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Described as Australia’s first heavy metal diva, Melbourne’s Billie-Jade is readying herself for the release of her debut EP XI:XI this Friday, April 19.

Having only released the one track – Horror Haus – previously, there isn’t a great deal of research to be had into Billie-Jade so the best thing to do is hit the play button and listen for myself!

XI:XI is a collection of four songs Billie-Jade wrote with producer Mitchell Marlow (New Year’s Day, In This Moment, Stitched Up Heart) in L.A, starting with the recently released single Scream.

The track smashes you right between the eyes straight up with a vicious intro that could go anywhere, before Billie-Jade pulls things back a little with a sultry yet menacing opening salvo that is given added starch by the heavy as fuck guitar and drums simmering underneath.

The first thing that stands out is Billie-Jade’s dominant vocals that almost reach through the speakers and grab you in a headlock tight enough so as to not let you go, but with enough slack to still allow for the involuntary headbanging that follows.

Her voice draws on the sonic intensity of the instruments, shouting with purpose intermittently and dripping with venom at others.

Stuttering effects swirl haphazardly around the halfway mark before Billie-Jade pulls the reigns even tighter to expose a softer, more controlled breakdown of sorts that lasts only long enough for her to refill her lungs for another round of ferocity.

Already I can tell Billie-Jade has many demons to purge and find myself wondering if only four songs is enough to do so.

Next up is a surprising cover as Billie-Jade turns her talents to the James Brown penned It’s A Man’s Man’s Man’s World. I must admit I wouldn’t really have much of an idea how the original goes, but from the hazy pieces of music filtering through I’m pretty certain it wasn’t a metal song. Not even a rock song from memory.

Heavily distorted guitars introduce the song, and it has a haunting and desolate vibe from the outset that is accentuated as the blues-drenched vocals of Billie-Jade ease over the top.

The angst and gut-wrenching emotion of the song is beautifully captured as Billie-Jade introduces thunderous drums and loud guitars to drench the landscape, gathering intensity as her voice breathes renewed fire.

Then just as quickly as the storm clouds gathered, they subside, retreating back into the blues and soul world from whence it came.

The fire returns towards the end as Billie-Jade pours every ounce of pain she can muster into her vocals before the song draws to a close, leaving a sense of unrequited passion lingering in the silence.

DGAFAY is next, and if my memory serves me right, stands for Don’t Give A Fuck About You. Which, I’m pretty sure could be either a break-up love song or the start of a new football war cry.

Suddenly guitars fill the silence with a purposeful bout of drumming before changing tact completely into a techno sort of number complete with dance-type samples and blast beats.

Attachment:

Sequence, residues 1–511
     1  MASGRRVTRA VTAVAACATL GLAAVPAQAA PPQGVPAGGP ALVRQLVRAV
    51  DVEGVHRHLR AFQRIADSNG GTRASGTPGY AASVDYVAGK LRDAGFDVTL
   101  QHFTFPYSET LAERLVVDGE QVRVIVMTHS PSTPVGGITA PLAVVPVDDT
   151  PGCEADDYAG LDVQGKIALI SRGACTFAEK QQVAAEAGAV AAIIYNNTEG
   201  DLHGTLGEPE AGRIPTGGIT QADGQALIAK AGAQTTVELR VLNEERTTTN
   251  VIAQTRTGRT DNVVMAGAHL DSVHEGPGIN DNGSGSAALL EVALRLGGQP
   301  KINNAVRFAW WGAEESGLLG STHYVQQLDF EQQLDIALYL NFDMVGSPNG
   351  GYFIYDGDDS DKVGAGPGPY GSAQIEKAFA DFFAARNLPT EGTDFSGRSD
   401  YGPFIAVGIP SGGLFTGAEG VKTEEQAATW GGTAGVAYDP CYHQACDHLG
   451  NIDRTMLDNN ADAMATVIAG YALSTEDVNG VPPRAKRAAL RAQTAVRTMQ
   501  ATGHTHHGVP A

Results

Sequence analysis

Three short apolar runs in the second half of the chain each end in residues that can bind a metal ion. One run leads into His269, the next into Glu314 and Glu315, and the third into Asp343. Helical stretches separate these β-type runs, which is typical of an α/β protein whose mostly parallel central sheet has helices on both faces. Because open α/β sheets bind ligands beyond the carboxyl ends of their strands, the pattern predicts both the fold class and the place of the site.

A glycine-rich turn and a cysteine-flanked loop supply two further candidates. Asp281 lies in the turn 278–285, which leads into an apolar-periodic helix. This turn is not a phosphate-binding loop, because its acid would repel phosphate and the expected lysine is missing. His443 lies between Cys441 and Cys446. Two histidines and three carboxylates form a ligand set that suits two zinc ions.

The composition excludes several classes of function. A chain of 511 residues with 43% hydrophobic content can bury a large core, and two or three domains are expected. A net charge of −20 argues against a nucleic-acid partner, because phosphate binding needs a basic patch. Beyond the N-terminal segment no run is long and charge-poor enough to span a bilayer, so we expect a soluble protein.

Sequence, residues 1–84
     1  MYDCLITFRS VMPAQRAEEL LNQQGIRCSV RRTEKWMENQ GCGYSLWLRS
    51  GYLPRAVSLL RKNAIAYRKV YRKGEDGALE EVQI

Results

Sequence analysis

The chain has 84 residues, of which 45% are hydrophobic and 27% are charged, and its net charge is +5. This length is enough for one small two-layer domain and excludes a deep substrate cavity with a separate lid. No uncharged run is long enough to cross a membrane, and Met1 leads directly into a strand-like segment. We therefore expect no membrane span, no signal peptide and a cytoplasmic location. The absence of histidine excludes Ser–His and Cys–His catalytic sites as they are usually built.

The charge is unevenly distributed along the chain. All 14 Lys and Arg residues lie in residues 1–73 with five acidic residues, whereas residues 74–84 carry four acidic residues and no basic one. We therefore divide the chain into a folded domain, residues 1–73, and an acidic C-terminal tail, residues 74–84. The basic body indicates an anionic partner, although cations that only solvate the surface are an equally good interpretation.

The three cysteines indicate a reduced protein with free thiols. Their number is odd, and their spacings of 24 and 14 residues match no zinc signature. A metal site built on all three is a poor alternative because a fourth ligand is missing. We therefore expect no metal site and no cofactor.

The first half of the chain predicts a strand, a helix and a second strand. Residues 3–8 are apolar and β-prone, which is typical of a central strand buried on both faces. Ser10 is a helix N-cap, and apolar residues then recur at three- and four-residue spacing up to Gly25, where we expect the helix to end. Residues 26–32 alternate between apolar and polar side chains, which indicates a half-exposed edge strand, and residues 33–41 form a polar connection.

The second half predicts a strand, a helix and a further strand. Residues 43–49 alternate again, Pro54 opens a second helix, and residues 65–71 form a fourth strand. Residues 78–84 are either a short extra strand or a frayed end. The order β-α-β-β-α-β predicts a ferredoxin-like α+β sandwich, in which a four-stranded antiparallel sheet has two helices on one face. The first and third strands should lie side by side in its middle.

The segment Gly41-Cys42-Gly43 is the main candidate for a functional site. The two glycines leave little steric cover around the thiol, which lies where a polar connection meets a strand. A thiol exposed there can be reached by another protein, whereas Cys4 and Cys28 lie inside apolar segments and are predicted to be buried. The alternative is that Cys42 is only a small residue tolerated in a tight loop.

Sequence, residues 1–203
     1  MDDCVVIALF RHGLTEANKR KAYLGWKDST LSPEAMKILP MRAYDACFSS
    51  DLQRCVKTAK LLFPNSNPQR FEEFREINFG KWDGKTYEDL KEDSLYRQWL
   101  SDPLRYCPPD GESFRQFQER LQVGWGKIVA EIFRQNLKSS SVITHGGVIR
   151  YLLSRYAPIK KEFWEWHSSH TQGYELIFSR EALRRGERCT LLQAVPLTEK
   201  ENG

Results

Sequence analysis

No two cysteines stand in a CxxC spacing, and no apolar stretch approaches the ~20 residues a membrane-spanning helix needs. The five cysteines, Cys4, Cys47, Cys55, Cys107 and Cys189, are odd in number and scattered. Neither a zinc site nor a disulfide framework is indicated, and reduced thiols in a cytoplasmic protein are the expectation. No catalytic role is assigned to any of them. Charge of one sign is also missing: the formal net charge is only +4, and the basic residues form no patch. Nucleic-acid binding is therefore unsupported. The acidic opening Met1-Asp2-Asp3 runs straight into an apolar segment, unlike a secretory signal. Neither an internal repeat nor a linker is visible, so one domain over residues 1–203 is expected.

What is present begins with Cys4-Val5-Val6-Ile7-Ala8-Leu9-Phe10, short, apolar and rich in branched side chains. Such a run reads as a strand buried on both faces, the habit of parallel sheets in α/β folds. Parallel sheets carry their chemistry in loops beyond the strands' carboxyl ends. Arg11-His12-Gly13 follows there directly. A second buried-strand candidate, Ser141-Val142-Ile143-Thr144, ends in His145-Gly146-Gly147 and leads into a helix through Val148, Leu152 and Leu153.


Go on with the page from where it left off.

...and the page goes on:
It’s completely unexpected and different from the first couple of songs, and despite my known aversion to disco and/or techno I find myself intrigued enough to keep listening.

The chunky guitars throughout are definitely a badge of honour – especially for us metalheads who can use them as an excuse to be interested – but it’s the division and differing vocal techniques of Billie-Jade that make this track almost compelling listening.

Despite the flirtation with techno music, this is essentially a rock song, albeit one with a unique difference.
If anything it shows Billie-Jade refuses to be stuck in or conformed by genres, instead setting her own rules and limitations, which is refreshing in a genre that can often become convoluted in its own sense of worth.

No Way Out closes the EP as a soft and tempered vocal intro gives off the impression that this could be Billie-Jade’s moment of reflection.

Again, she displays yet more of her vocal disparity here as she lays down a measured and emotion-charged layer of subtlety that sets the platform for a beautifully delivered track armed with lashings of loss, sorrow and despair.

The guitar and drums never stray too far from each other, providing a solid and meaty background from which Billie-Jade can express her despair. It is an interesting contrast of heavier delivery with softer vocals that works well.

Until they seem to get the shits with the calm nearing the three-minute mark as they launch into a brutally heavy breakdown of sorts. Billie-Jade lets them have their fun before bringing things back to Earth again, as she drags the anger back into herself and repels it with her soothing cleans that carry the track through to a balanced conclusion.

But I must say the final snap of a menacing guitar riff was the perfect end to a love song.

With XI:XI you feel Billie-Jade is only just scratching the surface of what she is destined to do. Each track is like a separate side of her musical psyche, with each delivered sporting an irresistible charm that bears all the trademarks of a long and successful career.

As far as debuts go, this is an absolute corker. My only gripe is that it wasn’t long enough…

Pre-save or buy XI:XI here: https://ffm.to/xi-xi

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